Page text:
10 Things I Learned from Traveling the World

    10 Things I Learned from Traveling the World
    Los Angeles International Airport

              If you type “things learned from traveling” into the Google search, you’ll come up with enough reading material for an entire week. Before I sat down to write this post I was curios about other people’s approach to this popular subject. I noticed that in spite of the broad range of opinions, there is one common thread: people who travel don’t remain stuck in their own ideas. They change, they evolve and learn something from their travel experiences. So, with this in mind, here is my rendition of this subject:

    1. High expectations may ruin your trip            

          We all have expectations, lots of expectations. It’s our human nature, whether we are aware of it or not. And when it comes to our vacation we feel entitled to have them. First comes the good weather expectation, the timely service, the nice hotel room, and the list goes on and on. But from the check-in line at the airport, to the lost luggage or the messed up hotel reservations, the realities of travel turn out to be much different than our idyllic calculations.  Expecting the unexpected may sometimes form of the most memorable part of your travel experience.

    2. Your home is the best hotel you’ll ever stay in            

           I don’t know what other people settle for, but I’m very picky about hotel rooms. They have to be exceptionally clean, a decent size, not on the ground floor, to have a comfortable bed, an up-to-date bathroom and if possible a view. Do you think that’s too much to ask? Apparently the hotel industry doesn’t care too much about what you think, as long as people keep renting their rooms. Truth is that unless you are ready to spend a fortune on lodging, there is a very little chance you’ll get what you desire. Sometimes, even if you pay more you may still not get what you want.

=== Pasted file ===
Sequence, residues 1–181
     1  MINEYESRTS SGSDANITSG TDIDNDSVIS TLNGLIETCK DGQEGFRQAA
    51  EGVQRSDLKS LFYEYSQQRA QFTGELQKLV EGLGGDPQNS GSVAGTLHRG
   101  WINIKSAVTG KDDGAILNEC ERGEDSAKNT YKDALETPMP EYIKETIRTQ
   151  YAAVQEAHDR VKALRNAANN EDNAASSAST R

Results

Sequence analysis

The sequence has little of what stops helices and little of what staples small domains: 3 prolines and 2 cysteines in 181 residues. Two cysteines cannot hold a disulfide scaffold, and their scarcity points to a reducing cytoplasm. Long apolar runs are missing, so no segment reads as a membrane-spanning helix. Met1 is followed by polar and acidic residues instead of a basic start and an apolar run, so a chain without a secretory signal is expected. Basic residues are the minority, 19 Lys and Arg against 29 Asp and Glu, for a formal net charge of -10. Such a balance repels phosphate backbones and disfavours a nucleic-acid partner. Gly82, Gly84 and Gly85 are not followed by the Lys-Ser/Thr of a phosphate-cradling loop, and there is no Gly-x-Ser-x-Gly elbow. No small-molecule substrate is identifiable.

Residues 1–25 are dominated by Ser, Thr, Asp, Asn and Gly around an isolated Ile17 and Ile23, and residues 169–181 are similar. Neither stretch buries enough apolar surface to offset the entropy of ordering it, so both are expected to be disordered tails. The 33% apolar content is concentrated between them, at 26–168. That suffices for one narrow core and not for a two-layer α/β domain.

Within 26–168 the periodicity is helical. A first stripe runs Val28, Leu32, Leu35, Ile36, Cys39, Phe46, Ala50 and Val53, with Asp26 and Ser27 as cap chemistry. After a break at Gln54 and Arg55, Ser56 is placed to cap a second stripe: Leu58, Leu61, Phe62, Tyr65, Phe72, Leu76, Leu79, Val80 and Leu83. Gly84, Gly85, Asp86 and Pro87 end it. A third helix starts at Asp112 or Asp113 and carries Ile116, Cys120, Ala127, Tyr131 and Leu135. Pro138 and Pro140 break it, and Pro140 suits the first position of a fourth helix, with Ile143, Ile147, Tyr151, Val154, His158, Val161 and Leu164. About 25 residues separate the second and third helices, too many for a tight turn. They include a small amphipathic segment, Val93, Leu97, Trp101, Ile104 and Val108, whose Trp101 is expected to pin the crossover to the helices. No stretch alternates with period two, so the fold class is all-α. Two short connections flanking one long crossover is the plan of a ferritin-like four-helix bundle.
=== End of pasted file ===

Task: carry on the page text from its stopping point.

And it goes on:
Our own back yard
    Our own back yard

    I don’t think it’s news to anyone that in New York city you can’t even get a rat hole for $150/night. Or that in Paris a $260 room will  be barely O.K. In my 25 years of travel I’ve stayed in low and high end hotels, rental apartments, time share resorts, with friends and family, but have never been as comfortable as in my own bed or in my own home. 

    3. Humans are neither good nor bad, they are just humans            

          Most of us worry about bad people when we travel, but the human population is not worse in some places than in others. People can do both good and bad things in different circumstances. In  fact, we met more good people than bad and  had some memorable experiences that we’ll never forget.             

          On a trip to Sorrento we hired a motor boat to take us to the Island of Capri to visit the Blue Grotto. The Grotto can be accessed only through a tight opening in the rocky wall. Only dinghies and small rowboats can pass through the opening, so we had to leave our belongings on the motor boat and move to a dinghy to visit the Grotto. It was a very hot day and we were wearing only our swim suits. I was worried about leaving our loaded wallet on the motor boat, so I asked my husband to tuck it into his swimsuit. Swimming in the Blue Grotto is forbidden, but to our surprise at the end of the tour the boatman – eager to get some tip – told us we could get into the water for a few minutes. Without giving it another thought, my husband jumped head on. But as he was climbing back on the boat he looked at me, all pale, and said: “I think I lost my wallet”. The boatman took us back to our motor boat, but offered to go back into the Grotto and dive for the wallet. I gave my husband a look of disbelief and couldn’t help but think: “We can kiss this wallet good bye. Even if he finds it he’ll never give it back to us.” But to our surprise, 15 minutes later the boatman showed up with the wallet in his hand. My husband gave him all the cash he had in the wallet. I never felt more ashamed and humbled.